Ken: The story begins with Avalokiteshvara, the embodiment of awakened compassion. Early in his career, he took the bodhisattva vow from Buddha Amitabha, the buddha of boundless light, who is the manifestation of awakened compassion at the buddha level. Avalokiteshvara promises to work for the welfare of beings without stop, and if he should stop or succumb to despair, his head will burst into a thousand pieces.

For three immeasurably long eons, he works providing beings with everything of which he can think. Then he looks and he sees even more beings suffering. He sees reactive emotions are even stronger. He sees they're suffering from poverty. All need help very, very quickly. He can’t understand. Things are worse off than before. He sits and says, "What’s the use?" Then his head bursts into a thousand pieces.

His guru Amitabha shows up and says, “Well, you broke your vow. What are you going to do now?” It’s not recorded how he is able to talk when his head is in pieces.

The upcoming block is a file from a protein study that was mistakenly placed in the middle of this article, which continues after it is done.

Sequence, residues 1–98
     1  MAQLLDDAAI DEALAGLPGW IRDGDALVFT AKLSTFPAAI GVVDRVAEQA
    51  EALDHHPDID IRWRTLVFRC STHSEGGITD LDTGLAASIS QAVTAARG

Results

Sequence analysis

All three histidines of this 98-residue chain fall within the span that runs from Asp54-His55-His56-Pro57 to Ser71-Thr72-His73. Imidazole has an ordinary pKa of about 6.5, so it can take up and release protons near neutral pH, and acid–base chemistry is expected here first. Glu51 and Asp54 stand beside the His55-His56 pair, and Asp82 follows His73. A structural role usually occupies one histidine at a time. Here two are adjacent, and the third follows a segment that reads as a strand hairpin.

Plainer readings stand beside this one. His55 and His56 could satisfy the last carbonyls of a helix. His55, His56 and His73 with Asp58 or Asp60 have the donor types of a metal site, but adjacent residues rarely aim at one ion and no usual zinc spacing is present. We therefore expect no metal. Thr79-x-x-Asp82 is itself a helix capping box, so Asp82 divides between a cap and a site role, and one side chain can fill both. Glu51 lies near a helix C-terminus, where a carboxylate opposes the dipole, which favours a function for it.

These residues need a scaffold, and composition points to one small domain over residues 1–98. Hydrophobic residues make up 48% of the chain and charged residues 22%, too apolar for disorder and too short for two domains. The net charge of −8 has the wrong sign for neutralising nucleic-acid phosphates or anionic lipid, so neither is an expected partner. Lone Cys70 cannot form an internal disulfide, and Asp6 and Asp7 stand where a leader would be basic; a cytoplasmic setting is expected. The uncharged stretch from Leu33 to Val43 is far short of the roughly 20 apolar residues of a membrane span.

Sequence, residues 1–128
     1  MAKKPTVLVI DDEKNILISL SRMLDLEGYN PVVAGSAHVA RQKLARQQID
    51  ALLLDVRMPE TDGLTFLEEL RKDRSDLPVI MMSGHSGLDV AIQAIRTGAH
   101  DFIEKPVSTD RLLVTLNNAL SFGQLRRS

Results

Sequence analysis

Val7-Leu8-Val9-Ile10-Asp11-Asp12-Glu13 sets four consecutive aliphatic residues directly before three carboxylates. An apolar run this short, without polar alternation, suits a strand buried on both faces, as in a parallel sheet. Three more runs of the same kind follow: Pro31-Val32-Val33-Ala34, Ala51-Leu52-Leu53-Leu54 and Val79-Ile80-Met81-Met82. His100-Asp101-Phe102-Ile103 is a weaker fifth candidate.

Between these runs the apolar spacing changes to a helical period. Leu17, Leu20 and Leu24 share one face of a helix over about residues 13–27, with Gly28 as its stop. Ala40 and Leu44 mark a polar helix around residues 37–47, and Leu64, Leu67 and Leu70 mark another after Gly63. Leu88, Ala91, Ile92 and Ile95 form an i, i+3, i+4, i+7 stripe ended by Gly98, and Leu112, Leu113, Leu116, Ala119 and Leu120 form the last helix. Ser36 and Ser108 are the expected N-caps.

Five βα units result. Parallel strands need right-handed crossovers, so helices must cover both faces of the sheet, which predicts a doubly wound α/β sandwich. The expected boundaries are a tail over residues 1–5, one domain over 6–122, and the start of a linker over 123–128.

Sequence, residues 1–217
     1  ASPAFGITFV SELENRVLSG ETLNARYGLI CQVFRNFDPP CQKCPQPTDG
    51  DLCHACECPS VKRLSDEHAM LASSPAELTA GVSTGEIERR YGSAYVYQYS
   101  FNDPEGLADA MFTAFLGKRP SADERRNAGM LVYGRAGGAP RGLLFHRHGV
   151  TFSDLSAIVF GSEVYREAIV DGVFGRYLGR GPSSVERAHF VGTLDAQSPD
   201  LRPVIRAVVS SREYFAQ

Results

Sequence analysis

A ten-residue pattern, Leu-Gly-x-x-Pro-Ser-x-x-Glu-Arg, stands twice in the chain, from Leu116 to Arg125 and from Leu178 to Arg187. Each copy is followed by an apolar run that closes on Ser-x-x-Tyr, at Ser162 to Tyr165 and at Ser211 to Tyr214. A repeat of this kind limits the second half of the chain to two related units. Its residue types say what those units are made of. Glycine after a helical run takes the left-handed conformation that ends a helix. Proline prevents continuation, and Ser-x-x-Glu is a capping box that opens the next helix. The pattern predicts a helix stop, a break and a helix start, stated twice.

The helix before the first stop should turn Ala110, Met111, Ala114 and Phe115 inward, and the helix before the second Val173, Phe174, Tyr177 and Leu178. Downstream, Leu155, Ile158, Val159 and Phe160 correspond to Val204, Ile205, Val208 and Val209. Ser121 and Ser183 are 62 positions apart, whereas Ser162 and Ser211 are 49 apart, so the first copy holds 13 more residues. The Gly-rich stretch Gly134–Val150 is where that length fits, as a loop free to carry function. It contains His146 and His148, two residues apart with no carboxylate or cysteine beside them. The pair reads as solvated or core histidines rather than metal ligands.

Avalokiteshvara says, “I need to do something.” So Amitabha heals him, and the thousand pieces become a thousand arms each with an eye looking at suffering. This is the origin of thousand-armed form of Avalokiteshvara with 13 heads looking in all directions at all times.

Avalokiteshvara is not content, because he’s seen the vastness of the world’s suffering. In contemplating that, a blue-black hung takes form in his heart. The syllable hung is a symbol of the five pristine awarenesses. The blue-black hung manifests as the Six-armed Mahakala. So the six-armed Mahakala manifestation, compassion, compassion that is beyond despair.

If you look at the story, it’s about when you begin to touch into compassion. As you begin to help people, you see more and more how much suffering there is and how difficult it is to really help. The suffering’s far more pervasive than you thought. Avalokiteshvara had the impression it was worse than before, but really it's that you see more and more deeply. When we open to that, really open to that, we find in ourselves the blue-black hung, that natural knowing that in some, takes the form of quiet determination. One might say fierce determination that brooks no obstacle. Nothing stops it from doing what needs to be done. It has a clarity that cuts right through through all the red tape of bureaucracy, the inhibitions of individuals, the cultural conditioning that teaches us to ignore certain suffering as not counting. That’s what the Six-armed Mahakala represents.